Brian Philosophy Paper

Brian Philosophy Paper - Brian Spillane Philosophy 102...

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Brian Spillane Philosophy 102 Final Paper Nonmaterial Beings in a Material World Are we as humans anything more than physical bodies in a physical world? It is a question as old as time itself. Our human nature leaves us wondering what will happen to us after death. Many different religions answer this in many different ways. The one thing almost all religions reach a commonality on is the existence in humans of something more than merely their physical body. Almost all religions believe in some sort of after-life and that a person’s soul, or mind, or ghost, or spirit will live on, in one way or another. While it is impossible to prove empirically which of these theories is correct, or what will happen after the loss of a human life, I think it is obvious that there is much more to a human being than a physical entity. Whether you want to call it your mind, soul, spirit, or anything else at all, something inside us exists that makes us more than a physical being. It is the thing inside of all of us that makes us who we are as a person, and not just what we are made of. In order to avoid confusion I will refer to this immaterial substance within each of as both the mind, and the soul, and I will hold them to be the same. This is a very controversial topic because quite frankly, it is largely based on personal opinions. A lot of different theories have been developed by a lot of famous philosophers, and while not everybody agrees, no single one of them has ever been proven simply correct or incorrect. No matter how convincing an argument might be telling us one thing, it is no more empirical than the most erroneous argument posed by the opposition. However, one can still apply some logic to this debate and come out of it
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with a thoroughly sound belief which makes more sense than any other options. Through a mountain of research and hypothesizing I have reached the conclusion that we, as humans, posses a nonphysical matter which defines our personal individuality amongst our physical commonalities. The most fundamental theory I will use in support of my thesis is Dualism. This philosophy is most notably credited to Descartes. In the most basic sense of his philosophy, Descartes claims that the mind is an immaterial substance. He says, “I am not present in my body merely as a pilot in a ship; I am most tightly bound to it” (The Mind-Body Problem 18). Upon evaluating this claim, it is noticeable that Descartes distinguishes himself as an individual from his human body, implying he is more than the physical body which he so happens to occupy. While that statement alone simply states Descartes’ belief without suggesting any logical to be considered, it is a thought that has been seriously entertained by almost all of those who dabble into philosophy. In fact, there are many different types of dualism which vary in philosophy but are all considered to be related to this same basic nature. A classic argument for dualism involves the concept of intellect.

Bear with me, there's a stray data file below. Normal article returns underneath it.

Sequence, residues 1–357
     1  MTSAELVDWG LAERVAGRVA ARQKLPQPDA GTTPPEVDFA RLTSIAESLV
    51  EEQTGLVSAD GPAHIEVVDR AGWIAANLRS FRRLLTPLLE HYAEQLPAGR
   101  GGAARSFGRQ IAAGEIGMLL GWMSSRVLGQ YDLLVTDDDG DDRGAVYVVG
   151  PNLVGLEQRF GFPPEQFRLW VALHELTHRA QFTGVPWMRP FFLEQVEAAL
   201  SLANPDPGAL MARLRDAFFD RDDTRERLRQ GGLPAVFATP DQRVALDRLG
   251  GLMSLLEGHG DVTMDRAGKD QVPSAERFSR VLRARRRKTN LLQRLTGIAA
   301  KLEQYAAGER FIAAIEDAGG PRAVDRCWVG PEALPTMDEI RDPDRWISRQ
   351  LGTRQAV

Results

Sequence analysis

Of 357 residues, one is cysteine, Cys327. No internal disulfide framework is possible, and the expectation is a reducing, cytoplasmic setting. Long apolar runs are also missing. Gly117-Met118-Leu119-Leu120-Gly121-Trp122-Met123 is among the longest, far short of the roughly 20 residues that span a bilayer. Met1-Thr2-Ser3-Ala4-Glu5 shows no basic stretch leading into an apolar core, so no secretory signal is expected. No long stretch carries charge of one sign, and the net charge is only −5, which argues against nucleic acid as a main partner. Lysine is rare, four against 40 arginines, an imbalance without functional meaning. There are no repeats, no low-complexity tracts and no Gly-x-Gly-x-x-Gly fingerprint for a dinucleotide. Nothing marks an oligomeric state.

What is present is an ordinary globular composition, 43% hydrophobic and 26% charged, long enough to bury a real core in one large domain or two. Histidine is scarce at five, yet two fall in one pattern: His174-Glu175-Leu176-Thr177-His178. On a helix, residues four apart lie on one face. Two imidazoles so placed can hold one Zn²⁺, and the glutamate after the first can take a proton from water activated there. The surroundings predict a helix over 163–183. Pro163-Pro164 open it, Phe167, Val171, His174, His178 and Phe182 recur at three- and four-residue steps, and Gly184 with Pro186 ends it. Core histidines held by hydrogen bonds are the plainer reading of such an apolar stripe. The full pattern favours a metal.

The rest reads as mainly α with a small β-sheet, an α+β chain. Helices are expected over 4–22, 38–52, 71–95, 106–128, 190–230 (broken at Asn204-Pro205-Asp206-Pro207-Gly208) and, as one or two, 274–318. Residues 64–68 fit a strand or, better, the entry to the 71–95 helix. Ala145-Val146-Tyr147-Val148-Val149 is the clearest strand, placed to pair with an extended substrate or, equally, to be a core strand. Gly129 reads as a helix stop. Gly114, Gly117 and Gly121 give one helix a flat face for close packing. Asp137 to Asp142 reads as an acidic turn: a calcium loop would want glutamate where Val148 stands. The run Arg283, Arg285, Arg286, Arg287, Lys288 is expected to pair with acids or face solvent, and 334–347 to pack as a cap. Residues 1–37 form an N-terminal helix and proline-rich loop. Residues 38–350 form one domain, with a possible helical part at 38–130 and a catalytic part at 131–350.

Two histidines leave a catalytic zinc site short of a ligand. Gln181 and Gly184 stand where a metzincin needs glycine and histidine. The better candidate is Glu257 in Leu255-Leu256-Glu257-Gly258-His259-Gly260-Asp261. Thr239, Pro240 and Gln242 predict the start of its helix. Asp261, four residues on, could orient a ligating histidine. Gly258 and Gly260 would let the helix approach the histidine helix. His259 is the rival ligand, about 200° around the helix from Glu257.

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This note was uploaded on 07/02/2011 for the course PHIL 111 taught by Professor Everett during the Spring '08 term at South Carolina.

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Brian Philosophy Paper - Brian Spillane Philosophy 102...

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